A charge card works a lot like a regular credit card, but without the option of making a partial payment. In other words, the main difference is that cardholders typically must pay their entire statement balance each billing period with a charge card. For that reason, the minimum payment on a charge card is usually the same as the statement balance. That said, some charge card issuers such as American Express have started to allow cardholders to pay off certain purchases over time. This turns the card into a hybrid between a charge card and a regular credit card.
Charge cards also have no pre-set spending limit. This doesn’t mean that you’ll have no credit limit at all. Instead, it means that your credit limit will change over time based on a number of factors, including how you use the card. You likely won’t know what your limit is until you’re notified by the card issuer that you’ve gotten close to or reached it, and the limit could easily be higher or lower the following month. This can negatively affect your credit score, too, depending on how the card issuer reports the card to the credit bureaus.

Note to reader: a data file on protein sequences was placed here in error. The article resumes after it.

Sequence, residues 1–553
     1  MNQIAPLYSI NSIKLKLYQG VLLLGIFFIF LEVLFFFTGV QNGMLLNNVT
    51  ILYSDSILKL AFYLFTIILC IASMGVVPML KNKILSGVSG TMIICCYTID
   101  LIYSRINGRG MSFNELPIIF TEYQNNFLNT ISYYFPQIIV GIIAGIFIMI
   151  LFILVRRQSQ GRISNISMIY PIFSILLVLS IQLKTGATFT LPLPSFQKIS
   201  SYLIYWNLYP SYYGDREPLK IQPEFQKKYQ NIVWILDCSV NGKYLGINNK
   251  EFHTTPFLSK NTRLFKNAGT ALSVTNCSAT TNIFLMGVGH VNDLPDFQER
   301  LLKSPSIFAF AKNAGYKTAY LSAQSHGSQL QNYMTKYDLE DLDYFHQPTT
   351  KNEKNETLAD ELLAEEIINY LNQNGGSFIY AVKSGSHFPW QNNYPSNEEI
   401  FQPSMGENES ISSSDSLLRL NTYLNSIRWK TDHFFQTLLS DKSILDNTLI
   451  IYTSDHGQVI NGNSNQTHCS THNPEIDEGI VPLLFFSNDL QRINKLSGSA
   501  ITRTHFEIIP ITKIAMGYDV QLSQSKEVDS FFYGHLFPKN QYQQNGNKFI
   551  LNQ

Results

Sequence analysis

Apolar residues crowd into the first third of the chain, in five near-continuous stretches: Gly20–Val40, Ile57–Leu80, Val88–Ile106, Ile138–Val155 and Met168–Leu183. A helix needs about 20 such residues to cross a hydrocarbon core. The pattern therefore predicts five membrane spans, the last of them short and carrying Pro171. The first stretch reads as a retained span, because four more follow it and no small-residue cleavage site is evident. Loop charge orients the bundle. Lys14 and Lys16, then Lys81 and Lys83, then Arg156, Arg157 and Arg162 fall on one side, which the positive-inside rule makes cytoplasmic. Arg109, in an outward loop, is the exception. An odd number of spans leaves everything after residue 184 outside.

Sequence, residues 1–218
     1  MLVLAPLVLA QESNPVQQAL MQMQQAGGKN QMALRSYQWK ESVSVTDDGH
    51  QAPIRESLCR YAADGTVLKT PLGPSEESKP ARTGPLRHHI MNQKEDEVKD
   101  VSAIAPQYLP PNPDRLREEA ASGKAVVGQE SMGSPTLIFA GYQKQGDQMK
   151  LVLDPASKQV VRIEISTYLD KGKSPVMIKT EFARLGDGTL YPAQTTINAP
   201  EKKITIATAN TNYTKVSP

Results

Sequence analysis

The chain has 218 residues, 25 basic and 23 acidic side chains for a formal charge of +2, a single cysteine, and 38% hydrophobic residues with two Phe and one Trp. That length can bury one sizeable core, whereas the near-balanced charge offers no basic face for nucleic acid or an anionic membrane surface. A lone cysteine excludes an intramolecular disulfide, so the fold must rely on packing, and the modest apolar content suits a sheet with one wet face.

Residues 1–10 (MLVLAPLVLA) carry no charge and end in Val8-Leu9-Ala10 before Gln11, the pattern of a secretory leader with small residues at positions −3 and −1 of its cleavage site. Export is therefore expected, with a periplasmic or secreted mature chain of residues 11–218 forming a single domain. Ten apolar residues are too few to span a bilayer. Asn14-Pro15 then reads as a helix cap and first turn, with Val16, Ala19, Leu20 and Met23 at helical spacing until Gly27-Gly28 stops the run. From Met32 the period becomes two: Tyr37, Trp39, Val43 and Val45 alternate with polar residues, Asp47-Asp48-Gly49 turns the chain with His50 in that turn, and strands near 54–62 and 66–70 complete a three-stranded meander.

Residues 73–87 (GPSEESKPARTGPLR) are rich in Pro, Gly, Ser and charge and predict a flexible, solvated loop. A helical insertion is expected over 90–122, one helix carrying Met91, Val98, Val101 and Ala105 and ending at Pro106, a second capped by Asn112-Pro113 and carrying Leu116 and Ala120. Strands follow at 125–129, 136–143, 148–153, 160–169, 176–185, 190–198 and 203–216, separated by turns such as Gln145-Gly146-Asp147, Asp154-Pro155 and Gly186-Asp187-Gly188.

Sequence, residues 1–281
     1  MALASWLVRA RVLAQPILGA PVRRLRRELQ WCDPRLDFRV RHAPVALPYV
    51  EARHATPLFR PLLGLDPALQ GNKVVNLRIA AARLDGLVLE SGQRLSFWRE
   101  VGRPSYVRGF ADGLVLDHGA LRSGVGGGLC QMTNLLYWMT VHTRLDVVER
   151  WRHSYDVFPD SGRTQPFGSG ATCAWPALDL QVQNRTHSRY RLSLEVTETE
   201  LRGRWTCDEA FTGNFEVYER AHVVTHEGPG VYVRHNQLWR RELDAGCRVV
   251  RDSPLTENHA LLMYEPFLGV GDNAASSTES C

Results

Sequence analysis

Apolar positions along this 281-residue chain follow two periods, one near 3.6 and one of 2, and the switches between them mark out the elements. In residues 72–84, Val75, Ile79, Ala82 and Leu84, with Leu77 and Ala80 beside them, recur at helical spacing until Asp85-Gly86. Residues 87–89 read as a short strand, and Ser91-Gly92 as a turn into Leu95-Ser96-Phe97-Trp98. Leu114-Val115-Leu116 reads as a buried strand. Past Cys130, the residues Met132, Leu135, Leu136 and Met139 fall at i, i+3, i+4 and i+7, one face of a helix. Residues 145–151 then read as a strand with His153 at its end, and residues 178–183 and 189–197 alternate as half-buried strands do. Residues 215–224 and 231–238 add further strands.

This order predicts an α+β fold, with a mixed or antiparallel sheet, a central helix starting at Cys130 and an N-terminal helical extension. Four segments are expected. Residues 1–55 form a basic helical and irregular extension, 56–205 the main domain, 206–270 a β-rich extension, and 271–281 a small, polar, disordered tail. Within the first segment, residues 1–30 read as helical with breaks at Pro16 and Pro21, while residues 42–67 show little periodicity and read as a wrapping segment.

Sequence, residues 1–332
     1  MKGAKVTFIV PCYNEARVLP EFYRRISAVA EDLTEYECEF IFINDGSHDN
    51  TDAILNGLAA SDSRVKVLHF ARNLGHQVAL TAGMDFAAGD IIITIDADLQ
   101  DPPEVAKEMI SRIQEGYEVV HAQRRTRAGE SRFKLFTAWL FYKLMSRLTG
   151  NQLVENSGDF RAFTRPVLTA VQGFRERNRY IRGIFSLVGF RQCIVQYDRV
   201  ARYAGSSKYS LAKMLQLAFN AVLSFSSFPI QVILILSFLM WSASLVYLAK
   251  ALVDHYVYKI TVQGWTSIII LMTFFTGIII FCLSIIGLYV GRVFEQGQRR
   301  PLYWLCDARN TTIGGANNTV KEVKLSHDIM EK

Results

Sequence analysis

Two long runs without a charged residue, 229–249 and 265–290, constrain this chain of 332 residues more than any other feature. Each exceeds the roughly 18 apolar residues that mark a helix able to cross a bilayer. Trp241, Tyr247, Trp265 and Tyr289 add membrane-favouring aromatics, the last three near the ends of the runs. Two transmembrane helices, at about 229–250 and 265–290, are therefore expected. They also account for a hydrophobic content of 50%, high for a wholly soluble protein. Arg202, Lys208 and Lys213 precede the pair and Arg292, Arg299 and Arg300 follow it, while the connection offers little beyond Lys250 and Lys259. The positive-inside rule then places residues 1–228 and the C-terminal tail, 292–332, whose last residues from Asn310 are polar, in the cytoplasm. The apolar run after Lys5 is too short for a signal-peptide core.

Key Things to Know About How Charge Cards Work
- Cardholders usually must pay their statement balance in full each billing period.
- There is no pre-set spending limit.
- Charge cards report to credit bureaus and impact credit scores.
Besides these unique features, charge cards work much like regular credit cards. Cardholders borrow money from the card issuer to make purchases, and then they pay off their purchases at a later date. Charge cards typically offer rewards, too, and they are reported to the credit bureaus, like normal credit cards.